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A common misconception among fundamental investors is that technical analysis is used to predict or time the market. No one can predict the market, and timing the market is, at the least, a very challenging task. This has always been a wedge in the argument between fundamentalists and technical analysts.

Relational technical analysis embodies both concepts, and I believe it is a sophisticated way to guide investors of all levels and skill sets. Looking at a chart will not tell you exactly how a stock will move the next day, week, or month, but it can give you vital information about what has happened in the past and clues to future direction. The stock market tends to have repeating patterns in price and volume that can give an investor information leading to more prudent decisions.

By using stock chart analysis with fundamental analysis, you will see a snapshot of the stock or market at that point in time and how it relates to what is going on over the long term. Understanding the long-term trend, and where the market is in its normal cycles, will improve your decisions for long-term investing.

Monthly and weekly chart views are best for long-term investing. You should rarely, if ever, use daily charts. The “white noise” of daily price fluctuations has no value to long-term decision-making.

The Dow Jones Industrial Average (DJIA) dates to 1896 and is still considered one of the premier indexes for the U.S. equity market, although it only contains 30 companies and 23 of the now 146 specific industry segments of the U.S. economy.

The DJIA has gone through several significant changes over the past five years in terms of its component stocks, most notably dropping Alcoa, AT&T, and Bank of America and adding Apple, Goldman Sachs, and Nike. However, the DJIA, according to information from S&P Dow Jones Indices, is a price-weighted measure of “all industries except transportation and utilities.” Technology has grown to be by far the largest broad industry sector in terms of market capitalization.

FIGURE 1: DJIA BY INDUSTRY WEIGHTING

A monthly chart of the DJIA over several years provides a long-term view of price trend. Figure 2 tells us several things about the condition of the stock market as represented by some of the most important and influential companies of the U.S. economy:

  1. The angle of ascent has been climbing steeply since late 2016.
  2. The volume, or amount of stocks exchanging hands, has been rising in tandem with the value of the DJIA, which is a good sign.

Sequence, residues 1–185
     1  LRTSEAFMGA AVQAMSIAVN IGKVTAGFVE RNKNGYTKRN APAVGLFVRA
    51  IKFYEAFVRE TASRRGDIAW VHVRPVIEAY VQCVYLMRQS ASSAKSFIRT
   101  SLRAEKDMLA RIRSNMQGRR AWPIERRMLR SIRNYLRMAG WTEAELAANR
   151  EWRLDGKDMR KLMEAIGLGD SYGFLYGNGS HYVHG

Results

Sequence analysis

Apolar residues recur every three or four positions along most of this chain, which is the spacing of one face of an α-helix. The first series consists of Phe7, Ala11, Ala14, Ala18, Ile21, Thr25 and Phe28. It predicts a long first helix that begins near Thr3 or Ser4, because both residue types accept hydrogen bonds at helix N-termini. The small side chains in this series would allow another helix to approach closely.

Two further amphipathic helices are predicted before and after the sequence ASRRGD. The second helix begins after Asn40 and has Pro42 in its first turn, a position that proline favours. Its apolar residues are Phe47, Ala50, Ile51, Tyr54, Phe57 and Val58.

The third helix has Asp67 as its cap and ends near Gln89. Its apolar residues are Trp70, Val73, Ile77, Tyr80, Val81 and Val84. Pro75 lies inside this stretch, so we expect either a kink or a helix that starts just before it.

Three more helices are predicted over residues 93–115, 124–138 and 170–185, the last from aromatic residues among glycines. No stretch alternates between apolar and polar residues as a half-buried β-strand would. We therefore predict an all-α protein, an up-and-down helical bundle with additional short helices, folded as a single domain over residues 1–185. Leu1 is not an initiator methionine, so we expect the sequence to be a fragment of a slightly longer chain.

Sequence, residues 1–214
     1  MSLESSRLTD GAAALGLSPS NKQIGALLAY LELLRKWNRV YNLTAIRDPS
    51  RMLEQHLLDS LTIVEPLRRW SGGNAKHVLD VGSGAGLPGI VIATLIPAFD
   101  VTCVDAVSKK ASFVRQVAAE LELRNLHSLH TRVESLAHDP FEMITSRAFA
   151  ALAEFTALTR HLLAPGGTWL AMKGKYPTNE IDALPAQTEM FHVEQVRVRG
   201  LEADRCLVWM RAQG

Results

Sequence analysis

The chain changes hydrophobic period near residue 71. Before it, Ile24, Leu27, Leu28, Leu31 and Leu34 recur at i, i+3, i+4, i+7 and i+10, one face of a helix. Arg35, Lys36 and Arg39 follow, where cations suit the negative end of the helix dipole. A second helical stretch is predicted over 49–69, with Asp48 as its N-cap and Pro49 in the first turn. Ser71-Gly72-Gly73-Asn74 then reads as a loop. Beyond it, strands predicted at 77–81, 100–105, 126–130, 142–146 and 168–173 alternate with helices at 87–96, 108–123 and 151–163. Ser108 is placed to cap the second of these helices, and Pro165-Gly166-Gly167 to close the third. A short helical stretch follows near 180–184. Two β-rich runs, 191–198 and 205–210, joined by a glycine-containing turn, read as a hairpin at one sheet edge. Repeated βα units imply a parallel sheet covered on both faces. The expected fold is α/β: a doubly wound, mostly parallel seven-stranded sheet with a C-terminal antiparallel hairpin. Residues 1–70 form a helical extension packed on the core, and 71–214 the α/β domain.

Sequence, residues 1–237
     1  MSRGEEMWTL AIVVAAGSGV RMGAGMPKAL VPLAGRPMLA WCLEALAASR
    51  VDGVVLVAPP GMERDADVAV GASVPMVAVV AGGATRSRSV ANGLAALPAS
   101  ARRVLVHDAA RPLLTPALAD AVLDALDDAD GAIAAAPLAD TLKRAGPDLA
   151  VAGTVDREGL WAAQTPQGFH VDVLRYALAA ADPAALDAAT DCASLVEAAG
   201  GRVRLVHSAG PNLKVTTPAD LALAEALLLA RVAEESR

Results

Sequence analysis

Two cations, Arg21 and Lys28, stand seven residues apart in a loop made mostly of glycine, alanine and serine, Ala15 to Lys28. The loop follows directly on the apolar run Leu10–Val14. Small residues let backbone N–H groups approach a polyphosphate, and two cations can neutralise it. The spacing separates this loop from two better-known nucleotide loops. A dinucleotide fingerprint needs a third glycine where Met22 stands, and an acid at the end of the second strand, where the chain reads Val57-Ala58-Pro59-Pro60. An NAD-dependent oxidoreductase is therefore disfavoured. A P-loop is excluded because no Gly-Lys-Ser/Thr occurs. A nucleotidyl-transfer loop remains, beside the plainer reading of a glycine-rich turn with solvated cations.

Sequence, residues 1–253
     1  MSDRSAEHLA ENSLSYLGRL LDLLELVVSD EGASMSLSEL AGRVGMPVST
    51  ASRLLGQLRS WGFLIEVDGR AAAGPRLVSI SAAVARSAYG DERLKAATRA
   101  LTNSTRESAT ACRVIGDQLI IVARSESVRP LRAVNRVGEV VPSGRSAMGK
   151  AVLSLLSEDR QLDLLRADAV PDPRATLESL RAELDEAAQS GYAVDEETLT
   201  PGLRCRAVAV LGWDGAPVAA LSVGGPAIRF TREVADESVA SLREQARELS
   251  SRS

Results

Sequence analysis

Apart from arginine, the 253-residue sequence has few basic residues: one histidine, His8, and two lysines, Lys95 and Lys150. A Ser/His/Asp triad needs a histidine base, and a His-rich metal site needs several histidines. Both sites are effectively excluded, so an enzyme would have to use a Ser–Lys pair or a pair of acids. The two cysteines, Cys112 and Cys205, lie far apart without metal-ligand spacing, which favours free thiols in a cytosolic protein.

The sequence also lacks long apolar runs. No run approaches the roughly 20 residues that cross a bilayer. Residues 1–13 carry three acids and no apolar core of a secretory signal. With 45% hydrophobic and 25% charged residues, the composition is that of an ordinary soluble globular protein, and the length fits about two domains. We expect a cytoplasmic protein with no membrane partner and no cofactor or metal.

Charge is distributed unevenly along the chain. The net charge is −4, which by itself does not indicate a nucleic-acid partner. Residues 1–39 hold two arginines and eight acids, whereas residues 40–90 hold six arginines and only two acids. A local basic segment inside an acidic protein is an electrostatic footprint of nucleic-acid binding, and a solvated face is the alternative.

3. The detrending price oscillator (DPO) in the bottom chart window is a cycle indicator that has been around for many decades. It now shows the current cycle is at risk of a peak, with the DPO at the upper limit of its typical pattern.

FIGURE 2: PRICE TREND FOR DJIA (2014–2017)

It is also apparent, as indicated by the rectangles drawn around the patterns on the chart in Figure 2, that the DJIA tends to move sideways more often than not. Technical analysis can be used to help define support and resistance and identify new points of “breakouts” and “breakdowns.”

By understanding the patterns of the Dow, you can add this information to your stock selection process over the long term. If you are considering a Dow 30 component for an investment, be aware that Dow stocks might be a higher-risk entry—given the overall elevated nature of the Index (and the market as a whole). That is not to say those stocks cannot keep moving up in the 2018–2020 period, but that risk management is paramount. I believe TechniTrader’s proprietary analytic methodology of relational technical analysis can help identify opportunities and risk in all types of market conditions, focusing on quantitative, technical, and fundamental factors, as well as risk analysis.

All statements are the opinions of TechniTrader, its instructors, and/or employees, and are not to be construed as anything more than opinions. Examples presented are for educational purposes only. “TechniTrader,” “Relational Technical Analysis,” and “Angle of Ascent” are registered trademarks.

 

Martha Stokes, CMT, is the co-founder and CEO of TechniTrader and a former buy-side technical analyst. Since 1998, she has developed over 40 TechniTrader stock and option courses. She specializes in relational analysis for stocks and options, as well as market condition analysis. An industry speaker and writer, Ms. Stokes is a member of the Market Technicians Association and earned the Chartered Market Technician designation with her thesis, "Cycle Evolution Theory."